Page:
Wyatt Kash | TSA: Lessons ignored

Editor's Desk'commentary: TSA needs a new path to its passenger-screening system

 IF THERE'S ONE LESSON from deploying new information technology systems that government agencies should have learned by now, it's this: Don't reinvent the wheel. Unfortunately, lessons learned don't always translate into lessons applied.

That would seem to be the case at the Transportation Security Administration for its Secure Flight project, TSA's answer to matching airline passengers against government watch lists.

TSA's method for matching names needs overhauling. Cobbled together hurriedly in 2002, it involves little more than converting terrorist watch list data to Microsoft Excel files and posting the data daily to a TSA Web board. Airlines use the spreadsheets manually or download the data into their systems. It was a temporary fix that, sadly, remains in place.

TSA's first proposal for replacing it, called Computer Assisted Passenger Prescreening System II, quickly ran afoul of privacy concerns. Secure Flight addresses many of those concerns.

It also puts the onus on TSA rather than airlines to identify passengers who may pose a risk.

But as the story on TSA in this issue notes (Page 20), the airlines argue that new rules issued last August place significant new IT burdens on them and duplicate systems already in place. The Advance Passenger Information System, for instance, which uses verifiable passport data and passenger- supplied name records that airlines use for manifest data, already offer most of the information TSA needs.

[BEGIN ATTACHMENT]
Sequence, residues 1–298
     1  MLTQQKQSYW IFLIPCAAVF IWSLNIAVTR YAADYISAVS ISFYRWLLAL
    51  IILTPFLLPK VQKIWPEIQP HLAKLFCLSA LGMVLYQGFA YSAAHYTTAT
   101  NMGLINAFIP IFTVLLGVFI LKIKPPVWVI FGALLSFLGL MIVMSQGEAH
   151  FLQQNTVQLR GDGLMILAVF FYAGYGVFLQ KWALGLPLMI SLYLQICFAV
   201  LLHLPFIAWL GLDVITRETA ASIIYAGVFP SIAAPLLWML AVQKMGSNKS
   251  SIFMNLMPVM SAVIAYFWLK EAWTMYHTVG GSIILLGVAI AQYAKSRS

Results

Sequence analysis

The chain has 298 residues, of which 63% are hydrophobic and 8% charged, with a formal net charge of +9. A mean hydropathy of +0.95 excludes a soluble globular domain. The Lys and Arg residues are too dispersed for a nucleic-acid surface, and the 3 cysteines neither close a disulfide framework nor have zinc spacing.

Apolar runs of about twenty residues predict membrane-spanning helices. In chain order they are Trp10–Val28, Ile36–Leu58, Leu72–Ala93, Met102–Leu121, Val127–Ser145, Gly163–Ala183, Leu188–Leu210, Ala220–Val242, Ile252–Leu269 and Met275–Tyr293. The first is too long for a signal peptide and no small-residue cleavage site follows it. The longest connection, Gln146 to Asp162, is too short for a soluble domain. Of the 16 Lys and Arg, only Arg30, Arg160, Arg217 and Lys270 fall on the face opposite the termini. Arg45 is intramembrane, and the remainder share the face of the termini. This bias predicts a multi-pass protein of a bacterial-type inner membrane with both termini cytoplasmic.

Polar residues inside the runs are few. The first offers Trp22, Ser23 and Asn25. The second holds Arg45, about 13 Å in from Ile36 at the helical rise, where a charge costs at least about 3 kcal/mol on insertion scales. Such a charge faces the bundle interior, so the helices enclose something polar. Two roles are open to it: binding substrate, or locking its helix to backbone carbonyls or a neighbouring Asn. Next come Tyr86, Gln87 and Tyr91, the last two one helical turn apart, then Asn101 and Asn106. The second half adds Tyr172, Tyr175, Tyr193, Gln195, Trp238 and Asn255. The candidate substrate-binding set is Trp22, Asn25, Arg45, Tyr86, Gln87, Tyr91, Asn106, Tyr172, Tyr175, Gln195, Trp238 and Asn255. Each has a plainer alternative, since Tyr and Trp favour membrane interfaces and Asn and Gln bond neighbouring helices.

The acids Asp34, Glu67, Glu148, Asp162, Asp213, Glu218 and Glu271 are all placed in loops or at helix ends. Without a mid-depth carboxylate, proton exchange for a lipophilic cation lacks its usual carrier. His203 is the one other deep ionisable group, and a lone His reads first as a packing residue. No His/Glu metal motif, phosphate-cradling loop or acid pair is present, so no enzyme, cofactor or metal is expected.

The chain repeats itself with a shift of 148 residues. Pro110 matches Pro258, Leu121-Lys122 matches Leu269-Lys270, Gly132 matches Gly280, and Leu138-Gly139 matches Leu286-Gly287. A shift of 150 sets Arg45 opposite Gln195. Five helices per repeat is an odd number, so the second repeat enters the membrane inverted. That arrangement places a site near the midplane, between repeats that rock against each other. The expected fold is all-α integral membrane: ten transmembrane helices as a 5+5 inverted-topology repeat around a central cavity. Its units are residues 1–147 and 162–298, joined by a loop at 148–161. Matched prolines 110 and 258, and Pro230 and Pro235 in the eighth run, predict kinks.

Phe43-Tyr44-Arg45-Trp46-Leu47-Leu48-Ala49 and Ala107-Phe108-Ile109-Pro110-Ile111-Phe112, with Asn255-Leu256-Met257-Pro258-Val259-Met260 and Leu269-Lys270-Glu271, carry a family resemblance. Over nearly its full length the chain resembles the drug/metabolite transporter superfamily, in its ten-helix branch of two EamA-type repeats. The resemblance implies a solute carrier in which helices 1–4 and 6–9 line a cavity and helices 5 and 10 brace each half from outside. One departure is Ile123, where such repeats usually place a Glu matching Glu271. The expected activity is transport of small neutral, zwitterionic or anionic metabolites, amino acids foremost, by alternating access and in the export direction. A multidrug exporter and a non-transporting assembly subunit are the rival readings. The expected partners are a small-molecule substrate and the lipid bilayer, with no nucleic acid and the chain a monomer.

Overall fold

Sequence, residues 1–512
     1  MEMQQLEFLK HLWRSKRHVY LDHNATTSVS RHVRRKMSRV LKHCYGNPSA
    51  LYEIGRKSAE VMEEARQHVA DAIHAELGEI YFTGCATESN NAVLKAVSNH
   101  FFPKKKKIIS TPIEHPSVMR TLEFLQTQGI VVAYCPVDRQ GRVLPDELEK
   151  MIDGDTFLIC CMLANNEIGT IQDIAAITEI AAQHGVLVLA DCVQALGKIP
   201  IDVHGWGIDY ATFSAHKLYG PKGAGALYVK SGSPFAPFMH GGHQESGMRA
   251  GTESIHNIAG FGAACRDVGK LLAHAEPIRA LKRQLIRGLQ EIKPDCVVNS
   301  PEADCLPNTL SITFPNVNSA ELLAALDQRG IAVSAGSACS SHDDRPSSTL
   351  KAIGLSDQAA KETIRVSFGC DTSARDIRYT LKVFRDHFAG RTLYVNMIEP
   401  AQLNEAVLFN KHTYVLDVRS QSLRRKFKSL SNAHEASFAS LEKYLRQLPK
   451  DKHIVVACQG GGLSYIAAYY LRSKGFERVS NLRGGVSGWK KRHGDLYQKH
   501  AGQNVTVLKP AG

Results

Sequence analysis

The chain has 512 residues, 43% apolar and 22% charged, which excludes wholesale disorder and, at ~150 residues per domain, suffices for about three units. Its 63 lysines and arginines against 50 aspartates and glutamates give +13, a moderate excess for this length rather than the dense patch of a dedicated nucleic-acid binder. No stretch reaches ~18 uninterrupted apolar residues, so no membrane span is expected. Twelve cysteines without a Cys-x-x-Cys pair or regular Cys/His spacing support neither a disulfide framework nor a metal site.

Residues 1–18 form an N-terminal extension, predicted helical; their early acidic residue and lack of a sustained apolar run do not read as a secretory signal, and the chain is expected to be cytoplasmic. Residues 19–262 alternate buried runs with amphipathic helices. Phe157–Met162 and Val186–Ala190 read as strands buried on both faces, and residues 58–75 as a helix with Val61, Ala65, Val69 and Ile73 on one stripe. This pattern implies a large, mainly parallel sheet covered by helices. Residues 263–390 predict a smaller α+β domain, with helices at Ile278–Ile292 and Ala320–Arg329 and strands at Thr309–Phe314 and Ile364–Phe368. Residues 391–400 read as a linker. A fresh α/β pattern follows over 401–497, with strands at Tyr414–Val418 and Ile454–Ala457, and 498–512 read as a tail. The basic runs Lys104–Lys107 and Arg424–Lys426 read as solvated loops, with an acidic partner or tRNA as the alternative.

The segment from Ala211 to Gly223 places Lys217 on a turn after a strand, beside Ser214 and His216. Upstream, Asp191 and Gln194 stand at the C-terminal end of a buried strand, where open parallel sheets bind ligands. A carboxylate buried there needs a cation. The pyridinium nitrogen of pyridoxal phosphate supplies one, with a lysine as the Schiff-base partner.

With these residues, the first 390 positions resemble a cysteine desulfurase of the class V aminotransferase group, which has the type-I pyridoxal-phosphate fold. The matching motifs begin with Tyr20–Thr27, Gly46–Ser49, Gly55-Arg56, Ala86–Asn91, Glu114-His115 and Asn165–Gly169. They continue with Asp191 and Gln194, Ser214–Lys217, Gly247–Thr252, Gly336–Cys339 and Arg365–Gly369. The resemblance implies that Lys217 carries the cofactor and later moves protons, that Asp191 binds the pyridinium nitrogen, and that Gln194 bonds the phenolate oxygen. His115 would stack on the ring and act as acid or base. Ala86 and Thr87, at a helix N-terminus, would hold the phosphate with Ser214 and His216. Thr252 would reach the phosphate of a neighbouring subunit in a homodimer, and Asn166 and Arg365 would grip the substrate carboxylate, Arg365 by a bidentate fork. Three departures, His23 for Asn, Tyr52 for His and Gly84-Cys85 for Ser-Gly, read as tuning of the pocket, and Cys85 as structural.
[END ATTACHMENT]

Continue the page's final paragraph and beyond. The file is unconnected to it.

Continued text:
The crux of the problem, as is so often the case, lies in how best to gather and share data. The technical and political challenges of sharing information across agencies are well-known ' perhaps nowhere better than at the Homeland Security Department, TSA's parent. But increasingly, government agencies also need to tap private-sector data wells to fulfill their missions ' and that demands more flexible approaches.

To be fair, TSA's mission to protect the nation's security will always be at odds with the mission of private enterprise to protect shareholder interests and serve its customers. TSA also deserves more credit than it gets for its progress in building a vast IT operation in the face of extraordinary circumstances.

However, creating another monolithic government information pipeline that private industry must help fill is a step in the wrong direction and ignores the lessons many agencies have learned the hard way.

About the Author

Wyatt Kash served as chief editor of GCN (October 2004 to August 2010) and also of Defense Systems (January 2009 to August 2010). He currently serves as Content Director and Editor at Large of 1105 Media.


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